Here are three posts by Delong who likes the model:
Here are three by Cowen, who dislikes the model:
I will leave aside the macroeconomics (no expertise). What I care about is how one should, and should not, critique "models".
Since a model is an abstraction, a simplification of reality, no model is above critique.
I consider the following types of critique not deserving:
1) The critique that the modeler makes an assumption,
e.g. "it fudges the distinction between real and nominal interest rates". Making assumptions is not inherently bad, making bad assumptions is a problem but not all assumptions are bad.
2) The critique that the modeler makes an assumption for mathematical convenience,
e.g. "Don't assume they are the same, just to squash the two curves onto the same graph." Almost all assumptions are made for mathematical convenience. The inappropriate use of the Gaussian assumption, that most unpardonable of sins according to Taleb, is almost always invented to render the math tractable. But not all assumptions that simplify the math are bad assumptions.
3) The critique that the model omits some feature,
e.g. "those aggregate curves are not invariant to expectations", because this critique is no different from saying the modeler makes an assumption (see #1) More, what is a "bad" assumption? How does one determine which assumptions are bad among the set of all possible assumptions?
4) The critique that the model doesn't fit one's intuition,
e.g. "the model leads you to believe that interest rates are more important than they probably are". The model should fit reality (the data); it doesn't need to fit anyone's intuition.
5) The critique that the model fails to make a specific prediction,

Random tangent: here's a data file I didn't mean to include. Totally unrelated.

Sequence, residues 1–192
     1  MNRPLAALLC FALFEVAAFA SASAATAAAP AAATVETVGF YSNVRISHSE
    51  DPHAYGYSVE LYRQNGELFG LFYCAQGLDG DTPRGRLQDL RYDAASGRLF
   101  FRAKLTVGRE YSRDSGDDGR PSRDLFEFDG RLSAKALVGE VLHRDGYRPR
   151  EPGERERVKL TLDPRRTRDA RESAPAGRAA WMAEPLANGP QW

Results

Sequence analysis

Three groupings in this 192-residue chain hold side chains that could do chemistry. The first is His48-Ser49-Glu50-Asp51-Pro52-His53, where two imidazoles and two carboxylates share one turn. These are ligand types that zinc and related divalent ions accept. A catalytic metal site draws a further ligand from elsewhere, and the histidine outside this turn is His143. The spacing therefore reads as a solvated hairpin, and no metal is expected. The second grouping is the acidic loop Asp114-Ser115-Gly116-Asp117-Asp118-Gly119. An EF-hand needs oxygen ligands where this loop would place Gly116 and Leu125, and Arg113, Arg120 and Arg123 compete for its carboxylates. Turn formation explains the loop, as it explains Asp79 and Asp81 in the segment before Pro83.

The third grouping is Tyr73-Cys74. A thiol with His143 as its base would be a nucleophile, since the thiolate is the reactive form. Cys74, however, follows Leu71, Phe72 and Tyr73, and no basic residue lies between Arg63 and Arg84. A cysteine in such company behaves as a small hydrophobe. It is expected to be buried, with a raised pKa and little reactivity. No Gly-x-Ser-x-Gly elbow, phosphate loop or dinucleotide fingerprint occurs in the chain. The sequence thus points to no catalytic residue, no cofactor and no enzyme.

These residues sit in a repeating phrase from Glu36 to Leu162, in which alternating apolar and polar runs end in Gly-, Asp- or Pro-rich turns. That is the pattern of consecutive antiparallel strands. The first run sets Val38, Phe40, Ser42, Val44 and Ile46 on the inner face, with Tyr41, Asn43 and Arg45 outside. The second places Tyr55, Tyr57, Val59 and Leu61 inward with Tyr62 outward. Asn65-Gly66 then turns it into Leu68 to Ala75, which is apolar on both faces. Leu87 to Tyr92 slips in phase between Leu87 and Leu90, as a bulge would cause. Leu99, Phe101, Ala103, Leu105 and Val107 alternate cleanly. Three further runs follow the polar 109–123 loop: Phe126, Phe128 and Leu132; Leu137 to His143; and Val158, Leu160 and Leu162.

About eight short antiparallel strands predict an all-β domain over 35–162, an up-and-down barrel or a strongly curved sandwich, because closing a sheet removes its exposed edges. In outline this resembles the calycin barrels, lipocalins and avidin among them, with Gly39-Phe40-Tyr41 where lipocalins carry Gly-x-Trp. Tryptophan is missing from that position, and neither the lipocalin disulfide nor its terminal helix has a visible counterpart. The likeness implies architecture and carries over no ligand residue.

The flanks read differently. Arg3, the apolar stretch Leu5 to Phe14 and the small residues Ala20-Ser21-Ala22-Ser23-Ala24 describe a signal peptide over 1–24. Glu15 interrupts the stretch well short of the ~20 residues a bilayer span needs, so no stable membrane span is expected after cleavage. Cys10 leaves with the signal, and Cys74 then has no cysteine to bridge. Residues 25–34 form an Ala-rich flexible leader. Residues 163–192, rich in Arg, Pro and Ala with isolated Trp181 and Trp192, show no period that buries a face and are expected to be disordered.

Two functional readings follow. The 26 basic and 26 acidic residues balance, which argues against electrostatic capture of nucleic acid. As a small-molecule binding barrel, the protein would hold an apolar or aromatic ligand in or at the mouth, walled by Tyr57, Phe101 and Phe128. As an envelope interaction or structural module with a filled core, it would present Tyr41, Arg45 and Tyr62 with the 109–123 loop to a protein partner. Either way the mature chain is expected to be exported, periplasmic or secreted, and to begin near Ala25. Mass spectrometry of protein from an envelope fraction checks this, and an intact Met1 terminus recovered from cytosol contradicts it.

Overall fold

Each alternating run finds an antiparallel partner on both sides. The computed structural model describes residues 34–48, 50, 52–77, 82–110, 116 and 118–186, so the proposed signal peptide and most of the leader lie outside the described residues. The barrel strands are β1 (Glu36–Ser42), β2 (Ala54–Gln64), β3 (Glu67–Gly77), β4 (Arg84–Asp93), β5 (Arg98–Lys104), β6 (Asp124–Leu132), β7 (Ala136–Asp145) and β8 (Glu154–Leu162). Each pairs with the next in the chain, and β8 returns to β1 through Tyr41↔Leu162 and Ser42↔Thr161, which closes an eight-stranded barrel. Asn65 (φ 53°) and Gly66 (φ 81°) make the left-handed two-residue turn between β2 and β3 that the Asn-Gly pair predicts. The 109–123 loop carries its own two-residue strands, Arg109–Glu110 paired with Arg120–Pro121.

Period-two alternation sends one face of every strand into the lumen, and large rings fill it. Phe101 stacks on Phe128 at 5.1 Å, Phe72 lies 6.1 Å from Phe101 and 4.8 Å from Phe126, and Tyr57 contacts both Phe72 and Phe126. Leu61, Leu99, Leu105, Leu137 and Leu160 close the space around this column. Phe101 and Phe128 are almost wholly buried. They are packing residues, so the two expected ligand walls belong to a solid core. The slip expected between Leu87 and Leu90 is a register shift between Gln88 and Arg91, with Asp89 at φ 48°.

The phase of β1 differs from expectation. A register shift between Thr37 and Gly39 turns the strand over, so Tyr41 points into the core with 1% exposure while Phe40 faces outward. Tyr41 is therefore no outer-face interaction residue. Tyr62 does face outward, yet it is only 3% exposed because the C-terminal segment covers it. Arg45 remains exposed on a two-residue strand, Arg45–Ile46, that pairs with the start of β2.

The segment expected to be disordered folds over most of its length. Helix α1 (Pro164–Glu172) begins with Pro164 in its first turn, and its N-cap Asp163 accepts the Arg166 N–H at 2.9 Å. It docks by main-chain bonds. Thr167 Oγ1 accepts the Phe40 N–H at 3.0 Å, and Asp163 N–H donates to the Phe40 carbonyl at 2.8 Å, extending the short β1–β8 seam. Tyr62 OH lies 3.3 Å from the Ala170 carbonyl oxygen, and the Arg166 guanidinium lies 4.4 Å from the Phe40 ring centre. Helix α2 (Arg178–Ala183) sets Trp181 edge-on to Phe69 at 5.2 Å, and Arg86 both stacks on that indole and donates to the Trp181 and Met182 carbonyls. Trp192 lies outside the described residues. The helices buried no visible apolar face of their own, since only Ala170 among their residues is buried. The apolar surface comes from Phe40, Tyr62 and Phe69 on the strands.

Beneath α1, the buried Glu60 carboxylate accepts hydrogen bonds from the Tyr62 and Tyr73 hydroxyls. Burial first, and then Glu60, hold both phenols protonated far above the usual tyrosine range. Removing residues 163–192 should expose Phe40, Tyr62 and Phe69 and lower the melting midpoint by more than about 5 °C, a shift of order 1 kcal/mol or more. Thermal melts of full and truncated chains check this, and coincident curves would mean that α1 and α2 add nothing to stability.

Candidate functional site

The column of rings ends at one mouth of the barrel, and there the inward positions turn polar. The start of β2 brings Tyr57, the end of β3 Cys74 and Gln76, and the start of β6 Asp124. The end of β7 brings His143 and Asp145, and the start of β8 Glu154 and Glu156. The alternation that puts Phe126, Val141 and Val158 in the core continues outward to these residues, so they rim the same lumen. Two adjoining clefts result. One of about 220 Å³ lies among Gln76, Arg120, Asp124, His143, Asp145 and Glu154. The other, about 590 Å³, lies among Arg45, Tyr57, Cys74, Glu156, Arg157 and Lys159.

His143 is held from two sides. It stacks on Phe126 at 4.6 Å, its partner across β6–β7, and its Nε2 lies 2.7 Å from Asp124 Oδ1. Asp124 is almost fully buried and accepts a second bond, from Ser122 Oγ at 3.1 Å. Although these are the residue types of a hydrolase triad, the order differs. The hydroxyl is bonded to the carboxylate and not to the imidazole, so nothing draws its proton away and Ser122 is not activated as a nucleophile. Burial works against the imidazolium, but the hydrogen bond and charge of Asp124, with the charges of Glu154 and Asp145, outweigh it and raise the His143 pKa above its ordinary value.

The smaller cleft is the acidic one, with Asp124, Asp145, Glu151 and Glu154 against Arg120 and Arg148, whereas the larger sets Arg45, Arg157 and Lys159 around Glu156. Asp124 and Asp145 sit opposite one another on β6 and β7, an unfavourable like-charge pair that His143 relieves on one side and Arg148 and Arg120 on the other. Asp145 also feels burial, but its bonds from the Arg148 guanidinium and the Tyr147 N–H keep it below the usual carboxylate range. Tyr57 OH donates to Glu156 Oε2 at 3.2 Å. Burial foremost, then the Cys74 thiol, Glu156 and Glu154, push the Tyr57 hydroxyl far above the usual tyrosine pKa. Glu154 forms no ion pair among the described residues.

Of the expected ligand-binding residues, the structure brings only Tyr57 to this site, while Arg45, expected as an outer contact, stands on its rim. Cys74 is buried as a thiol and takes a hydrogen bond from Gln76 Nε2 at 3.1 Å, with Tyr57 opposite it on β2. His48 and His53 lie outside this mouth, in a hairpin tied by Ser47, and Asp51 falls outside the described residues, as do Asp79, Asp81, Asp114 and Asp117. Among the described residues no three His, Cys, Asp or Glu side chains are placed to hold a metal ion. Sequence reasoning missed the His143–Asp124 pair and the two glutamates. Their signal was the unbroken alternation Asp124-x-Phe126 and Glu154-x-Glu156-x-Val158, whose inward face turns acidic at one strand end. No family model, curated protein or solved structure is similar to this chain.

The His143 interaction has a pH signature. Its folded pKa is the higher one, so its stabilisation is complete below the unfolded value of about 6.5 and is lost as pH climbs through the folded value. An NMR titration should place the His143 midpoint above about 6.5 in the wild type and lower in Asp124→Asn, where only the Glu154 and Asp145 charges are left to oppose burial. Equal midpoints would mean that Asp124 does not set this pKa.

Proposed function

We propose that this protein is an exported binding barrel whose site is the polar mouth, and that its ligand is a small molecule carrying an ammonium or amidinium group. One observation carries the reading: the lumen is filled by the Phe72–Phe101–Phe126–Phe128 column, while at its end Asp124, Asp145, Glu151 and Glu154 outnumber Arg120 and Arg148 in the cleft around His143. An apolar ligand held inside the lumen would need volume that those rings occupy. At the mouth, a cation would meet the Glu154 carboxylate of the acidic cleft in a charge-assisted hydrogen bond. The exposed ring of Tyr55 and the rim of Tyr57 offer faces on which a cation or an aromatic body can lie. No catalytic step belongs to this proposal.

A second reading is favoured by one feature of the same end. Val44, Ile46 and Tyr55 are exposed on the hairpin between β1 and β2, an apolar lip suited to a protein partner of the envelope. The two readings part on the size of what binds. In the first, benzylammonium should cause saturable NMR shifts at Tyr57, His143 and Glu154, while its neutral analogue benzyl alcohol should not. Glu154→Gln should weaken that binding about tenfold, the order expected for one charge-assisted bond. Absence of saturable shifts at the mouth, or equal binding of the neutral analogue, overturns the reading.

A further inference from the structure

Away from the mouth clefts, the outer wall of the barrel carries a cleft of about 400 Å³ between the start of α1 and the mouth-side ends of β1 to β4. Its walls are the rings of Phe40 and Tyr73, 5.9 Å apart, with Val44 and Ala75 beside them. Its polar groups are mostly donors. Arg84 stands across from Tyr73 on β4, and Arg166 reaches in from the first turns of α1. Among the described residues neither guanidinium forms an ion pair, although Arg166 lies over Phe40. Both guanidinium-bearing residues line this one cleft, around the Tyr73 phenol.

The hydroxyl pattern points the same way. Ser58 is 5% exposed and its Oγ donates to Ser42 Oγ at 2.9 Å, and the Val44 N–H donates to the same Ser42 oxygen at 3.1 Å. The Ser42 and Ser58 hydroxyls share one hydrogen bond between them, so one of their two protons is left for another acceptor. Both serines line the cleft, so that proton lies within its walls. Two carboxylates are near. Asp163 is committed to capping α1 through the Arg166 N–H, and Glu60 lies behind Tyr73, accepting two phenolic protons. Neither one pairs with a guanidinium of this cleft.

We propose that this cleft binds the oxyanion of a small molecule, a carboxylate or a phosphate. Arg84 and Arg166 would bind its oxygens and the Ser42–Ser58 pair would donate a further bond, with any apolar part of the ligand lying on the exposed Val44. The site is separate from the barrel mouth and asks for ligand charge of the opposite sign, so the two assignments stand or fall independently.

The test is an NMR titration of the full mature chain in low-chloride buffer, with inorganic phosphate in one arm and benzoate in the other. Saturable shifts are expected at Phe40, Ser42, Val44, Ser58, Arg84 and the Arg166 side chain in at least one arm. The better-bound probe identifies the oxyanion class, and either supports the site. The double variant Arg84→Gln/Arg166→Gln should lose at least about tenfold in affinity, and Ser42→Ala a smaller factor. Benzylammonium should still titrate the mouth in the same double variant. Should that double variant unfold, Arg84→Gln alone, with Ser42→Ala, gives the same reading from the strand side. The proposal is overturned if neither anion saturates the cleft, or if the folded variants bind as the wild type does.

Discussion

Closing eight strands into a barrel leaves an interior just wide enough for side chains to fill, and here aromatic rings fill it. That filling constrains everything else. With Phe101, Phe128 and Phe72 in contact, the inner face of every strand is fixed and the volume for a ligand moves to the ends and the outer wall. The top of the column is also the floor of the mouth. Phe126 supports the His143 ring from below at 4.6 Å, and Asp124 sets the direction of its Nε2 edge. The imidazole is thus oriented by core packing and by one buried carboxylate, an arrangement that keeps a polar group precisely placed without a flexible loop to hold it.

e.g. "this distinction really matters when you're trying to predict the macro effects of 'window breaking'". No model, especially a macroeconomic model that can issue a large number of predictions, will ever predict everything. Not all predictions are equally important. One must agree on which predictions are the most important to get right, and make judgment based on the entire list of predictions.
Above all, a serious critique must include an alternative model that is provably better than the one it criticises. It is not enough to show that the alternative solves the problems being pointed out; the alternative must do so while preserving the useful aspects of the model being criticized.
This whole debate reminds me of the climate change model controversies. I am not aware of an alternative model from those who dislike the consensus model. Until they offer such an alternative, their critique cannot be taken seriously, I'm afraid.
The underlying belief -- on both sides of the macroeconomic divide, it appears -- that someone's model can be proved "wrong" and thus discarded for all eternity is as dubious as the belief that a model can be proved "right".